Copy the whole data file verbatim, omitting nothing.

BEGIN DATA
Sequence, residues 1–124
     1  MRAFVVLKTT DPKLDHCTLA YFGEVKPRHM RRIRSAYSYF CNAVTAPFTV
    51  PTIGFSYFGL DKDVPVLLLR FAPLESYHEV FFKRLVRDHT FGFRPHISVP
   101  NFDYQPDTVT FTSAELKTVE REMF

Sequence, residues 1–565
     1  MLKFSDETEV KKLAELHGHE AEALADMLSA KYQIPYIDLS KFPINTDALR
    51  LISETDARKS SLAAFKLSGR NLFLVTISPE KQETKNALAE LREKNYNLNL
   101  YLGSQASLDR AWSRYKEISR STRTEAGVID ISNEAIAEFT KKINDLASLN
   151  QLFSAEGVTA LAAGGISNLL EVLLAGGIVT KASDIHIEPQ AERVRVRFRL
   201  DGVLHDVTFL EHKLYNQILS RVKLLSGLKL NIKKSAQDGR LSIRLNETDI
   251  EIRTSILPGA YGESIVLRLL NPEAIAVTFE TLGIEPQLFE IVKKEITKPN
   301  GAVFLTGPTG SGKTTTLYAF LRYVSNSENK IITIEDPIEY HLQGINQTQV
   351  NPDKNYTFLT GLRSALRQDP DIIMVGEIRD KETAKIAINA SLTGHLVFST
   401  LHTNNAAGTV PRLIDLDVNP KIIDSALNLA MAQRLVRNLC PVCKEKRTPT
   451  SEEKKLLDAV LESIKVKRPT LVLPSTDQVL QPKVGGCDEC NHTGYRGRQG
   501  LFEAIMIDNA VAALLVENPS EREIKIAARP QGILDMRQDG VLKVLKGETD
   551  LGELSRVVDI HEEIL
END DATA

Sequence, residues 1–124
     1  MRAFVVLKTT DPKLDHCTLA YFGEVKPRHM RRIRSAYSYF CNAVTAPFTV
    51  PTIGFSYFGL DKDVPVLLLR FAPLESYHEV FFKRLVRDHT FGFRPHISVP
   101  NFDYQPDTVT FTSAELKTVE REMF

Sequence, residues 1–565
     1  MLKFSDETEV KKLAELHGHE AEALADMLSA KYQIPYIDLS KFPINTDALR
    51  LISETDARKS SLAAFKLSGR NLFLVTISPE KQETKNALAE LREKNYNLNL
   101  YLGSQASLDR AWSRYKEISR STRTEAGVID ISNEAIAEFT KKINDLASLN
   151  QLFSAEGVTA LAAGGISNLL EVLLAGGIVT KASDIHIEPQ AERVRVRFRL
   201  DGVLHDVTFL EHKLYNQILS RVKLLSGLKL NIKKSAQDGR LSIRLNETDI
   251  EIRTSILPGA YGESIVLRLL NPEAIAVTFE TLGIEPQLFE IVKKEITKPN
   301  GAVFLTGPTG SGKTTTLYAF LRYVSNSENK IITIEDPIEY HLQGINQTQV
   351  NPDKNYTFLT GLRSALRQDP DIIMVGEIRD KETAKIAINA SLTGHLVFST
   401  LHTNNAAGTV PRLIDLDVNP KIIDSALNLA MAQRLVRNLC PVCKEKRTPT
   451  SEEKKLLDAV LESIKVKRPT LVLPSTDQVL QPKVGGCDEC NHTGYRGRQG
   501  LFEAIMIDNA VAALLVENPS EREIKIAARP QGILDMRQDG VLKVLKGETD
   551  LGELSRVVDI HEEIL